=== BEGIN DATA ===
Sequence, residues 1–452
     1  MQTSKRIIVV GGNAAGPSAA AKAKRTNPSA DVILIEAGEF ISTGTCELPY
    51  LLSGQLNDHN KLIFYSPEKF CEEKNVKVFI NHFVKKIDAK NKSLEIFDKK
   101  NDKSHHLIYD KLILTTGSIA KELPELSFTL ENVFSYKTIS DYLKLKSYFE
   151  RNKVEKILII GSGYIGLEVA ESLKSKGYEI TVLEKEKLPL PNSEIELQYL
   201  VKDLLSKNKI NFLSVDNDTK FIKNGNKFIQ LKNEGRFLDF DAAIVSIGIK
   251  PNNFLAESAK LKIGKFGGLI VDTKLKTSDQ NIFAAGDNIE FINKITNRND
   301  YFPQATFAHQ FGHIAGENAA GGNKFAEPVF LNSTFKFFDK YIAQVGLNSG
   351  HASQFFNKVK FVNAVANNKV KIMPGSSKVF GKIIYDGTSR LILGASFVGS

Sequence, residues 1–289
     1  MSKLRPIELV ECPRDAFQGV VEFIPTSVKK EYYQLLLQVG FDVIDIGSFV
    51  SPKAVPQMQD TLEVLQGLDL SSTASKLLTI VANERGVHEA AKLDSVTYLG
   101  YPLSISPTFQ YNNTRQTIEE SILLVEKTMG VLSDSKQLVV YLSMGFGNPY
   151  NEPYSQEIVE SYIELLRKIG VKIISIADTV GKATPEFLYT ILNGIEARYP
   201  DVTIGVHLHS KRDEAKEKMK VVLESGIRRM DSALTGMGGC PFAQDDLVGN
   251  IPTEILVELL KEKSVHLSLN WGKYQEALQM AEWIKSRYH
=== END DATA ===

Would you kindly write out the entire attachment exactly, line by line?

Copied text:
Sequence, residues 1–452
     1  MQTSKRIIVV GGNAAGPSAA AKAKRTNPSA DVILIEAGEF ISTGTCELPY
    51  LLSGQLNDHN KLIFYSPEKF CEEKNVKVFI NHFVKKIDAK NKSLEIFDKK
   101  NDKSHHLIYD KLILTTGSIA KELPELSFTL ENVFSYKTIS DYLKLKSYFE
   151  RNKVEKILII GSGYIGLEVA ESLKSKGYEI TVLEKEKLPL PNSEIELQYL
   201  VKDLLSKNKI NFLSVDNDTK FIKNGNKFIQ LKNEGRFLDF DAAIVSIGIK
   251  PNNFLAESAK LKIGKFGGLI VDTKLKTSDQ NIFAAGDNIE FINKITNRND
   301  YFPQATFAHQ FGHIAGENAA GGNKFAEPVF LNSTFKFFDK YIAQVGLNSG
   351  HASQFFNKVK FVNAVANNKV KIMPGSSKVF GKIIYDGTSR LILGASFVGS

Sequence, residues 1–289
     1  MSKLRPIELV ECPRDAFQGV VEFIPTSVKK EYYQLLLQVG FDVIDIGSFV
    51  SPKAVPQMQD TLEVLQGLDL SSTASKLLTI VANERGVHEA AKLDSVTYLG
   101  YPLSISPTFQ YNNTRQTIEE SILLVEKTMG VLSDSKQLVV YLSMGFGNPY
   151  NEPYSQEIVE SYIELLRKIG VKIISIADTV GKATPEFLYT ILNGIEARYP
   201  DVTIGVHLHS KRDEAKEKMK VVLESGIRRM DSALTGMGGC PFAQDDLVGN
   251  IPTEILVELL KEKSVHLSLN WGKYQEALQM AEWIKSRYH